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Carl R. Woese Institute for Genomic Biology

Where Science Meets Society

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The Institute for Genomic Biology is happy to announce the award recipients in the 2012 IGB Proof of Concept (POC) Initiative.  There is a well-known funding gap between basic laboratory research and the resulting commercial products.  Proof of Concept (POC) funding has proven to be a crucial element in bridging this so called “valley of death” between research and development.  The goal of POC funding is to “de-risk” an invention such that the technology is more attractive for either (1) licensing to an existing company or (2) enabling the formation for a startup company that will raise money and further develop and commercialize the technology.  Ensuring transformative research has the opportunity to positively impact the world through commercialization is a critical part of the IGB’s mission of advancing life science research and stimulating bioeconomic development in Illinois.  In accordance with this mission, the IGB POC Initiative is just one way that the IGB supports its faculty in pursuit of commercializable solutions to problems affecting humanity.

Although previous IGB POC funds have come from a variety of sources, the 2012 IGB POC funding comes solely from the IGB.  This year, three projects were chosen to receive POC funding as well as additional entrepreneurial support that will help bridge the gap between the laboratory and commercial applications.  Thirteen proposals were reviewed by a panel of five experts from venture capital, industry, and academia.  Funded projects were selected on the basis of having clear market potential, targeted milestones, secure intellectual property, and well-defined deliverables.  The OTM facilitated the proposal selection process and will manage the distribution of monetary awards.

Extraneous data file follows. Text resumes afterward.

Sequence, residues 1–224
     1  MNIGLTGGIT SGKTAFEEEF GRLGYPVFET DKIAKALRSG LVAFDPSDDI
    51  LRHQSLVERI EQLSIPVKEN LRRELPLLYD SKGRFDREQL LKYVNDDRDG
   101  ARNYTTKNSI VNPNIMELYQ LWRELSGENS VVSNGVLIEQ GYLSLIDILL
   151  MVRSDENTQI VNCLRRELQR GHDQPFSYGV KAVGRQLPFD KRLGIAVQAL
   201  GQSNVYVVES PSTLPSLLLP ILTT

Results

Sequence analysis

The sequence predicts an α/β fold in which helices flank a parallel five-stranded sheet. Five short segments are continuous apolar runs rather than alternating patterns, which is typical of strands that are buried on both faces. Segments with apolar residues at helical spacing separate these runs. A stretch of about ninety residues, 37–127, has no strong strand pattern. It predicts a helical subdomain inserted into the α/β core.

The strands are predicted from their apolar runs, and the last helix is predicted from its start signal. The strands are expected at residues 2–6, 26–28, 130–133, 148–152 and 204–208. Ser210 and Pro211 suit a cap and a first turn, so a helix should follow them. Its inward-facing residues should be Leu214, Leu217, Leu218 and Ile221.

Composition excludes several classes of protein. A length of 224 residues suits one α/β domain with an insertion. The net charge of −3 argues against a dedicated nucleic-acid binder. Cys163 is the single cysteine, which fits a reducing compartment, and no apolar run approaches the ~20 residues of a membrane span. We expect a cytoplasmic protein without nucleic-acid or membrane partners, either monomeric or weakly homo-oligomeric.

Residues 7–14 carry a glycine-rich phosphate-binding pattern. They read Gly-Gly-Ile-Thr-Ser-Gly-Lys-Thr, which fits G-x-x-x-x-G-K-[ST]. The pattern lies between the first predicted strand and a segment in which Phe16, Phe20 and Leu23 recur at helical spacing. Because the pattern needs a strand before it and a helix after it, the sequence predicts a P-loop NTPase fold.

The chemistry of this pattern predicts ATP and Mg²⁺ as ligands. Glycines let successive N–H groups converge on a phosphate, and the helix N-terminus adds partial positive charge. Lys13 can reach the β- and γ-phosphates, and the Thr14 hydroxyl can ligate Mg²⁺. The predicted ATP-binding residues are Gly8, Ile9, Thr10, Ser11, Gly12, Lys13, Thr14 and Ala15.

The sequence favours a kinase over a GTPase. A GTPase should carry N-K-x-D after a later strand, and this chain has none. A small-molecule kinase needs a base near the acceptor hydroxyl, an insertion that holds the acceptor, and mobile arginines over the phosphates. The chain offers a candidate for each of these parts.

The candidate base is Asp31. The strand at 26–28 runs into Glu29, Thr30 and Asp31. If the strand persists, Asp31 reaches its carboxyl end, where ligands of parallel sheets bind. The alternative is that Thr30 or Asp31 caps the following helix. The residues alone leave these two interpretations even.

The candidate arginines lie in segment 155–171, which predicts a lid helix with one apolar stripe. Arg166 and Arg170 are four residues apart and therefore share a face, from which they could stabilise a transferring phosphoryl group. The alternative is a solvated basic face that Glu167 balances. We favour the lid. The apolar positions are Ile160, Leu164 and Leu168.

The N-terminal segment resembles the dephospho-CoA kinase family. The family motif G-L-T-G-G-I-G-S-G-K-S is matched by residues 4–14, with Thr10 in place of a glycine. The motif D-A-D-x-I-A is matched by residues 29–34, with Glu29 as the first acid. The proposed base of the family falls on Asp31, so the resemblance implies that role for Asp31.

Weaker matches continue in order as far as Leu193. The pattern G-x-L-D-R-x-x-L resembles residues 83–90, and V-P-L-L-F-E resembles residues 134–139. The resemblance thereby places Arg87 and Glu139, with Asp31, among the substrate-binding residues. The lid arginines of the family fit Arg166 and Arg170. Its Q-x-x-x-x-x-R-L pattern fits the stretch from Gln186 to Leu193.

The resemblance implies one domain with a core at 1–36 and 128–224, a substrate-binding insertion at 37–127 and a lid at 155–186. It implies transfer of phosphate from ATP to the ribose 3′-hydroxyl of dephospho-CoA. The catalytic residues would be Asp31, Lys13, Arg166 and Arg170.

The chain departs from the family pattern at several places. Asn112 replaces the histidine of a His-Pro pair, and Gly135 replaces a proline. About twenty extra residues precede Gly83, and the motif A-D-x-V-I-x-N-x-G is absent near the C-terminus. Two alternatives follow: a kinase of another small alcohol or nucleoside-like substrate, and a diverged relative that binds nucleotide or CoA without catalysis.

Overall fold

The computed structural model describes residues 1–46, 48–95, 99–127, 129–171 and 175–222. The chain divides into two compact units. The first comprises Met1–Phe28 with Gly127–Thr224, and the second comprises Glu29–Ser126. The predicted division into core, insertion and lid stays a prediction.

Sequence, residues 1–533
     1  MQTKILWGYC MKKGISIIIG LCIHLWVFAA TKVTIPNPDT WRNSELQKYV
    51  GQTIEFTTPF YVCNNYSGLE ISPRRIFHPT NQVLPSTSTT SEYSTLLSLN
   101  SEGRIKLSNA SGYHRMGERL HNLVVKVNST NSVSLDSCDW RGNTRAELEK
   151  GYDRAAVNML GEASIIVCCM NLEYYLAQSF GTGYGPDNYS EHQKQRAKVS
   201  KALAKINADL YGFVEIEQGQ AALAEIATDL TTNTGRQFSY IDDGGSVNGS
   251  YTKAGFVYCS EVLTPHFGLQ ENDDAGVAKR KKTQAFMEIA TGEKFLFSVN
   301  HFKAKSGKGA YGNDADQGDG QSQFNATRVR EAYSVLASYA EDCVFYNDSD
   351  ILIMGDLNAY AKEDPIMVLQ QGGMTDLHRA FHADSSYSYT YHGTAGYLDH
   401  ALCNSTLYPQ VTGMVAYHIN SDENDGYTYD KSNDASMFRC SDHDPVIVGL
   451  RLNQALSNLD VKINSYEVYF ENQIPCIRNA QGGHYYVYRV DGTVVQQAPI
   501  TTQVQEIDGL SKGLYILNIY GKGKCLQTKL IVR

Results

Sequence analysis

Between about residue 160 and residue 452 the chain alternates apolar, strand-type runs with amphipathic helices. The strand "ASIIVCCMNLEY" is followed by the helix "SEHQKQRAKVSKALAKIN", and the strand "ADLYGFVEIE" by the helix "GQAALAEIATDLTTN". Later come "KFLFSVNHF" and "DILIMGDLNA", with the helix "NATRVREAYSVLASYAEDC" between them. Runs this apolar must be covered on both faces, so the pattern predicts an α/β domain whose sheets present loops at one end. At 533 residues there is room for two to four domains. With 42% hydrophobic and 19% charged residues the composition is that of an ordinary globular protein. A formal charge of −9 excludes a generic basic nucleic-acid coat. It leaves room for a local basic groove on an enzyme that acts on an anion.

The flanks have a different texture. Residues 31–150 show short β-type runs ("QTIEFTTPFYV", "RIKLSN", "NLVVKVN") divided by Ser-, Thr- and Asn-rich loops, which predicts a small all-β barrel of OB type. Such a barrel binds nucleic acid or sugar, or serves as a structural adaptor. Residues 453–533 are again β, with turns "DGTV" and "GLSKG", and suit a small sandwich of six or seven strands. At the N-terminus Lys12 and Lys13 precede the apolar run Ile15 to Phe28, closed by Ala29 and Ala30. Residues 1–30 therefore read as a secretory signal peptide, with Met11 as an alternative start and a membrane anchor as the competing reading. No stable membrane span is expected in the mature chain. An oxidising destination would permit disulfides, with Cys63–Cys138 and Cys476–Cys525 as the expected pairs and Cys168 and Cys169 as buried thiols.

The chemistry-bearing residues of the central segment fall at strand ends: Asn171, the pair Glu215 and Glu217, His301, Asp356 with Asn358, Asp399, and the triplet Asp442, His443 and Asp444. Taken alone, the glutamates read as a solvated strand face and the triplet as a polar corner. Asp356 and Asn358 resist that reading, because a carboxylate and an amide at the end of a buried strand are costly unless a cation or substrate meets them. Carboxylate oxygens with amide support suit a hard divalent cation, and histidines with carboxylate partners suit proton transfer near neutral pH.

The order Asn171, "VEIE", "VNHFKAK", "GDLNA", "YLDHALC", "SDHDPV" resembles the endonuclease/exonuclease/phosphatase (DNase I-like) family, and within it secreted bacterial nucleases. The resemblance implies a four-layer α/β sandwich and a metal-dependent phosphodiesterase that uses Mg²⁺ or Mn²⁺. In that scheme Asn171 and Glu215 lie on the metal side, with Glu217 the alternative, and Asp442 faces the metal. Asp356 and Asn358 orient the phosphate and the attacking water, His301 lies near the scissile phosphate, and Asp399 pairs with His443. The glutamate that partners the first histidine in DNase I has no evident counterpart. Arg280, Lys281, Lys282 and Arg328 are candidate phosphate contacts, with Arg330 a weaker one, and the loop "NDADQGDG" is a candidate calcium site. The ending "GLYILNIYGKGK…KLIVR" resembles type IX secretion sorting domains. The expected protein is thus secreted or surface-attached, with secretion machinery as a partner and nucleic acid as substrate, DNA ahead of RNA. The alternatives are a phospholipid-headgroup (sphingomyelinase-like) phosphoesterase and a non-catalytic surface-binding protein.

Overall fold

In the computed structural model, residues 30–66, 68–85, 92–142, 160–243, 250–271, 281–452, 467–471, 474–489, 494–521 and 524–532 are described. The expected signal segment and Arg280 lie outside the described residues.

In addition to monetary support, the 2012 IGB POC award package includes many other services to help advance the commercialization of research projects including:

  • 6 hours per month of free consultation with a Research Park Entrepreneur in Residence (EIR)
  • Automatic acceptance into the highly competitive I-Start Entrepreneur Assistance Program and guaranteed 75%-90% upfront funding matching
  • Assistance from OTM-appointed IGB Commercialization Analyst with market analysis, industry and venture capital activity reports, and intellectual property landscape information
  • Introductions to industry contacts, venture capitalists, and notification of entrepreneurial events

The funded proposals are:

”Evolutionary Pharmaceuticals” Dr. William Metcalf (IGB faculty, Department of Microbiology) and Dr. Neil Kelleher (Northwestern University, previous IGB affiliate): Drs. Metcalf and Kelleher propose to create a natural product screening platform based on Actinomyecete genomes. 

“Accurate Sequence Alignment using Distributed Filtering on GPU Clusters” Dr. Victor Jongeneel (IGB, NCSA) and Dr. Roy Campbell (Department of Computer Science):  Drs. Jongeneel and Campbell’s proposal seeks to decrease the time required to align short genomic sequence reads.

“Stereolithographically Assembled Living Vascular Stamp for Neovascularization of Wounds and Ischemic Tissue” Dr. Hyunjoon Kong (IGB faculty, Department of Chemical and Biological Engineering) and Dr. Rashid Bashir (IGB affiliate, Department of Electrical and Computer Engineering): Drs. Kong and Bashir are investigating a revascularization strategy to allow for spatial control of functional neovessels.

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